Summer 1987 // Volume 25 // Number 2 // Feature Articles // 2FEA1

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Young People Want It All!


Preparing youth for their future.

Joyce A. Walker
Extension Specialist
4-H Youth Development
Minnesota Extension Service
University of Minnesota, St. Paul


Young people in the 1980s have tremendous opportunities to determine their family life roles and occupational choices. Today, there's less sex-role rigidity and less sense of limitation. For youth, the future holds the potential to fulfill the dreams of childhood as well as new-found aspirations. However, societal messages about roles and options for family and career are numerous and conflicting. Career development education must address the mix of traditional and contemporary messages that youth receive about lifestyle choices and individual goals for career and family.

Career education too often centers on interest inventories, self-directed searches, specific career data, educational requirements, and job-seeking skills. Recent studies at the University of Minnesota and Michigan State University point toward a broader curriculum grounded in intergenerational discussion, exploration combined with serious reflection, and realistic preparation for goal setting and decision making.

The Minnesota Youth Poll and the Michigan Early Adolescent Study examine what young people say about their aspirations, career interests, future expectations, and sex-role attitudes. Both studies underscore the contradictions and conflicts that arise as young people today struggle with life planning, while juggling their "contemporary" and "traditional" visions of future work and family roles.

Careers Are Important

Careers are important to young people. Identity and status come from career. In the Minnesota poll, 67% of girls and 47% of boys expect to be employed in highly skilled professional or technical work. Only two percent of the girls aspire to be homemakers. The Michigan survey indicated that young men prefer technical and outdoor jobs (risking and challenging careers) such as chemist, architect, forester, and space engineer. Young women cited a preference for service work (nurturing careers) such as secretary, teacher, and child care worker. Both girls and boys listed "being unemployed" as the major definition of failure in adulthood.1

Having It All

Young people believe that they can do it-and have it-all. Girls want husbands, careers, and children without recognition of the inherent difficulties in being at once a Supermom, a Cinderella wife, and a model career woman.2 Success in adulthood, young women report, means happiness, a good job (high status, high pay, and enjoyable), wealth, and a happy family life. Urban high school girls in the Minnesota poll said, "We want to marry a successful, handsome man, but we want to have a choice to work or not, so in case we're on our own, we can take care of ourselves and not be dependent on anyone."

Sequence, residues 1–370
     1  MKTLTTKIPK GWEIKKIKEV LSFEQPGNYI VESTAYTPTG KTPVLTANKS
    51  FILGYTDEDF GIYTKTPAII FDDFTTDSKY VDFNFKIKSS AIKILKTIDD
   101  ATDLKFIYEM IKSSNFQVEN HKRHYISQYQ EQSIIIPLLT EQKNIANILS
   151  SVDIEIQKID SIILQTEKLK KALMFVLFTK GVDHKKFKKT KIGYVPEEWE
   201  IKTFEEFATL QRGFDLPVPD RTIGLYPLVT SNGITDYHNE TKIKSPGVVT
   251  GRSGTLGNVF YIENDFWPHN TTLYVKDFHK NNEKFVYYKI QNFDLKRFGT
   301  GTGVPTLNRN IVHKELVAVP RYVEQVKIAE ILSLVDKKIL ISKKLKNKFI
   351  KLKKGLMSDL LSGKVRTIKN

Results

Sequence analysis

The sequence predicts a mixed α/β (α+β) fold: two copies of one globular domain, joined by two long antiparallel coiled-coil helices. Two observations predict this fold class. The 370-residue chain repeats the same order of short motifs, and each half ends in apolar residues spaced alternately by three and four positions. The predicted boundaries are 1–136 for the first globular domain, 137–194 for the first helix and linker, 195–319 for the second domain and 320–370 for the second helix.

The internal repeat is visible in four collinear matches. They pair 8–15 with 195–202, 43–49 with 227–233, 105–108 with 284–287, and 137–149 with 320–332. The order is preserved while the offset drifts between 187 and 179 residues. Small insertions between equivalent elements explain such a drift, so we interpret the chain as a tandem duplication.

Young men said adult success means wealth, a nice car and house, a good job, happiness, and a happy family. The majority of boys assumed they'd get married and have a family, but felt "little or no concern about potential conflicts between career and family roles as they opt almost exclusively for their careers." A 16-year-old boy said, "Men can usually work their way up faster without delays like having children or worrying about them. Sometimes because men are stronger and more determined to make a good living, they are able to put more hours into their work."

Limited Work Opportunities

The actual significant job experience available to young people is limited. Although increasingly high percentages of high school students work 15-20 hours a week, the jobs of Minnesota teenagers are overwhelmingly low-status, minimum wage jobs in the service sector. Child care, maintenance, food service, office work, stocking shelves, and teacher aid positions are most common. Suburban youth have the largest selection of job opportunities available and rural youth the smallest. Half the teens said the jobs they hold have little positive influence on their future career plans.

Unrealistic Expectations

Since opportunities for real exploration are negligible, unrealistic expectations go unchallenged. Although only two percent of the girls indicated they'd be homemakers at age 30, 63% said they wouldn't work when they were pregnant or had young children. Archer reports, A majority of the females plan to withdraw from the labor force temporarily while their children are young. They assume that their jobs will be waiting for them when they are ready to return. No consideration is given to the need to update their skills in order to reenter the work force.3

Reinforced Sex Roles

Youth report that males and females are treated different in the home and to a lesser degree in the schools. Young men are allowed to risk more, are given greater freedom and responsibility, and are encouraged to be independent. Young women are held to higher standards of conduct, are pampered and overprotected, aren't encouraged to take risks, and are subtly encouraged to be dependent. Both sexes agree that differential treatment is more detrimental to young women than young men.

Parents Are Key Influences